When Kai sees God, she seems to experience a collective moment of odd buzzing and pain, which she shares with Ramon, Butchie and Vietnam Joe. Speaking about the series, Milch said he chose surfing because waves are the closest we can come to representing the physical field of oneness that connects all things. This is a philosophical notion that has much in common with Morrison’s conception of the universe, that we’re all one organism, which needs to evolve beyond the misconceived notion that we’re actually separate.

So, in that moment do Kai, and the people she or we see experience that oneness? It’s notable that all the people she sees in the vision are people John has come into contact with. Is John there to open their minds to this new evolution? He’s talked a lot about how “The end is near,” so is it possible he’s talking about the end of our current world as the prelude to an impending leap of consciousness. I’d love to see that, and on this show, it’s quite possible. Mitch’s floating could be an expression of his increased consciousness, as is Shaun’s ability to heal.

Regardless, the moment had an odd trippiness to it, and was made even weirder by John’s total ignorance of human social custom. Kai didn’t want him to make her see God again, but he tells her anyway. He doesn’t understand the way things work, a deficiency that seems to get him into some trouble next week. We have a set of social customs that guide our behavior, an understanding of what is and isn’t acceptable. It’s difficult to watch someone just totally disregard those customs, as John does here. It exposes the essential falseness of the social system we’ve established.

Concurrent with this, we’ve got Mitch and Cass talking on the beach. Mitch has a lot of issues with Cissy, with the life he’s leading, and Cass serves as a sounding board for his problems. Mitch probably on some level senses something awry about her, everyone else has connected her to Linc, but Mitch just lets himself believe in the lies she’s constructing for him. He wants that escape from the troubles at home. While we see in the first episode that he and Cissy still love each other, it’s been nothing but tension between them these last two episodes. On a mythological level, Cass is a siren, luring Mitch away from his family to a false idea of happiness.

While the show has a lot of odd stuff, there is still the family drama at the core, and Shaun’s injury has strung out everyone’s emotions. He has no sense of what they’ve been through, but it’s nothing but tension between Butchie and Cissy, who are there without Mitch to mediate their troubles. There’s a lot of raw emotion here, and I think it works well. These characters aren’t as interesting as some of the peripheral figures, but they’re at least emotionally viable.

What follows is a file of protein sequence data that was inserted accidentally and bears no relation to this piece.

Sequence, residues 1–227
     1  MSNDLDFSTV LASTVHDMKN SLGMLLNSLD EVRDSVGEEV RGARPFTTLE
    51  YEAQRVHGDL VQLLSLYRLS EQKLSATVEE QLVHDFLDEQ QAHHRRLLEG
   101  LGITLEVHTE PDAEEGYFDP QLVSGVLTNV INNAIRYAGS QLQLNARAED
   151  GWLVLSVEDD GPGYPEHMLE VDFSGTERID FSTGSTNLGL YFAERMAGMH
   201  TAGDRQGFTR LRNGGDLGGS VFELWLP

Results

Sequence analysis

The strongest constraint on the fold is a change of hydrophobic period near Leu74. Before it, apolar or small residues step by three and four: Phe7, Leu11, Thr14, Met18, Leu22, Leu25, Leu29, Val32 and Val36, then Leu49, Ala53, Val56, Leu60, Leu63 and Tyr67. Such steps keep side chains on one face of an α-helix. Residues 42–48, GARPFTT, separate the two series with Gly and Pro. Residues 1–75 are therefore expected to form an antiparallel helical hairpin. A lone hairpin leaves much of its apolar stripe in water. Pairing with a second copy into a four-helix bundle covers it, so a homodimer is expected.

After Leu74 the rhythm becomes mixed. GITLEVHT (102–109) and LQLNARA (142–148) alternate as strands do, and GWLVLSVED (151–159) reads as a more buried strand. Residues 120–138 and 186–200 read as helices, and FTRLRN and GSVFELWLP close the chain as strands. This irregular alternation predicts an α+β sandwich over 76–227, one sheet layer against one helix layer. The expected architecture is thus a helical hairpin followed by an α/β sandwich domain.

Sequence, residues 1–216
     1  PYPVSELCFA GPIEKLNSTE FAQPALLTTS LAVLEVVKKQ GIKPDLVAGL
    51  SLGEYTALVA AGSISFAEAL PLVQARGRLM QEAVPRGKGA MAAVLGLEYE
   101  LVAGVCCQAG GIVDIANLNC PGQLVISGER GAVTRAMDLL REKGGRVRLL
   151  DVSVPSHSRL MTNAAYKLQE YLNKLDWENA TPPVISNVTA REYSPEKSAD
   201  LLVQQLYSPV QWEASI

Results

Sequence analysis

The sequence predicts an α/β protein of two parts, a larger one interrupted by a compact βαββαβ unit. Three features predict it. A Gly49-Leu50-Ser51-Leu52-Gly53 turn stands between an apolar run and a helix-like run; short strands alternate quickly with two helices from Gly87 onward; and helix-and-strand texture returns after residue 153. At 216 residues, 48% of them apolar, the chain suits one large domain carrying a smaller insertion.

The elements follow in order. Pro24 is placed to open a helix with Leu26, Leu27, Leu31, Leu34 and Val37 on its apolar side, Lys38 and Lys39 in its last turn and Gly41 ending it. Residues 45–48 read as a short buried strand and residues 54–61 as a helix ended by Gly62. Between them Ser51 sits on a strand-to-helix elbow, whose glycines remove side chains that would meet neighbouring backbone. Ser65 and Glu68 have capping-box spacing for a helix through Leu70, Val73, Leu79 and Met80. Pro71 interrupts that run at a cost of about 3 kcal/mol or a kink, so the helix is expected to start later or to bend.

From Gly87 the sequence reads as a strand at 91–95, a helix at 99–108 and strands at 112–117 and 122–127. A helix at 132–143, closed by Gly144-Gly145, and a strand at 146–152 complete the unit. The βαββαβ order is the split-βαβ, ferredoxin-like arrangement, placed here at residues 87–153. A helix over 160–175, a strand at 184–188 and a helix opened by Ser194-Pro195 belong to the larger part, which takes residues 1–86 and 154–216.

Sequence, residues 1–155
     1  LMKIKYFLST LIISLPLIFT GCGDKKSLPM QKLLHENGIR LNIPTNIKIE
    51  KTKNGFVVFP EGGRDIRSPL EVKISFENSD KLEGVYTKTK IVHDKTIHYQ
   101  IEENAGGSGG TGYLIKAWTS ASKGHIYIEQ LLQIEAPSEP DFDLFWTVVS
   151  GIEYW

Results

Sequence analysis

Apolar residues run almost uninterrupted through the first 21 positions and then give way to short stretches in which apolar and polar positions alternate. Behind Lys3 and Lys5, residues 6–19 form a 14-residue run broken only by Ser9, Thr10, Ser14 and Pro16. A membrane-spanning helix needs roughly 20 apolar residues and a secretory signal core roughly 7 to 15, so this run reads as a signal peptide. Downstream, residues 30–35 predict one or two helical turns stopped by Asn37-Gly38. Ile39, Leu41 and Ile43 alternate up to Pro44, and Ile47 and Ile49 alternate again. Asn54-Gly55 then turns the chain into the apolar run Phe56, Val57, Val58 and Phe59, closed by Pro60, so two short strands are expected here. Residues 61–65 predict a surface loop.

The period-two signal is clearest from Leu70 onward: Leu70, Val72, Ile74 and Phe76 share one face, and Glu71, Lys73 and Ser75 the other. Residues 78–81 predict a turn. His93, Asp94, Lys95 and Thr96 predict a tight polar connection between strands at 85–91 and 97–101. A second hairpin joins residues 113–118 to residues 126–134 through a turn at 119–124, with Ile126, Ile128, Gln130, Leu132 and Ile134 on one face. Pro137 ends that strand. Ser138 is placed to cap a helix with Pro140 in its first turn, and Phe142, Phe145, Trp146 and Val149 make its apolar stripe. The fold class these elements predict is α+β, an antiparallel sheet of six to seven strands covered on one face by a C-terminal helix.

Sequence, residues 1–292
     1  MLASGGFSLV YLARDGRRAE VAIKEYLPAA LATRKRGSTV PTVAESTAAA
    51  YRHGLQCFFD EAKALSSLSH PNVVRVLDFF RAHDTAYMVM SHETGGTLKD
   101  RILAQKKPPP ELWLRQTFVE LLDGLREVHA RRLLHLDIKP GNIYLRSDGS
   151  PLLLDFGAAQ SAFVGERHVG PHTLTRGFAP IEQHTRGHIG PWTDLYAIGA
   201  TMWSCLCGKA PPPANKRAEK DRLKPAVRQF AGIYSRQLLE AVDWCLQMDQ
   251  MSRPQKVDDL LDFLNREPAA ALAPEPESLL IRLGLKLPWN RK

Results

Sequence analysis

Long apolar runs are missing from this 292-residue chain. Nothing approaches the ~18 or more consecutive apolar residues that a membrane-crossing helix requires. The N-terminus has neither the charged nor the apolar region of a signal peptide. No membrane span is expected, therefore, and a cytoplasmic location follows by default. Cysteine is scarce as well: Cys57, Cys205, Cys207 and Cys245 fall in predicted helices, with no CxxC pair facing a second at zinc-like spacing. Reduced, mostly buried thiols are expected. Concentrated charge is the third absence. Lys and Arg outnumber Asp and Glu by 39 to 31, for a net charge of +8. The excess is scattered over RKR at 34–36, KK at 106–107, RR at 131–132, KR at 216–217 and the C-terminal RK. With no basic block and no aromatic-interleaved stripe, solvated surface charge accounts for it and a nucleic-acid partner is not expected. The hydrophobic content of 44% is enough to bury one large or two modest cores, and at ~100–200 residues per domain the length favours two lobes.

Butchie’s conversation with the Doctor about his implants was interesting. He recognizes that John can do strange stuff, and also finds it odd that he isn’t dopesick. It’s an interesting statement about addiction that Butchie is worried he’s not sick. The addict creates a cycle of trouble for themselves, if just stopping is this easy, then there’s no excuse for staying on the drugs.

Everything ends with Shaun returning to the half pipe in a scene that swells with meaning and power. Much like last week’s final moments, all the characters come together and we have the sense of a real mystical happening. John again tells Kai to see God, but this time it’s Shaun on the halfpipe, enjoying himself. The cover of “Feeling Good” is a perfect score and the sense of community surrounding the event is what makes it so special. I love the entire sequence, and was happy to see this week’s ending match the power of last week’s.

I can only think of a couple of shows that came out of the gate this strong, Twin Peaks being the prime example. That was a show that absolutely owned in its first three episodes, crafting a unique universe with odd, but well defined characters and a palpable atmosphere of mystery. John does the same thing, and luckily doesn’t have to deal with having a central mystery to answer. There’s so much stuff going on, it’d be easy to keep the show going for a few more seasons. Sadly, it’s already been written off as a failure, but I talked to a few people who have started getting into the show and if it could build an audience by the season finale, maybe we’ll get another year.

I know this may be seen as sacrilegious by a lot of people, but having seen six episodes of Deadwood and three of John, I’d consider John easily the better series. Deadwood is a great show, but it doesn’t have the totally unique voice of this one. I can understand why people hate John for “replacing” Deadwood, but just look at them as two separate show and be happy we’ve got something this great on TV.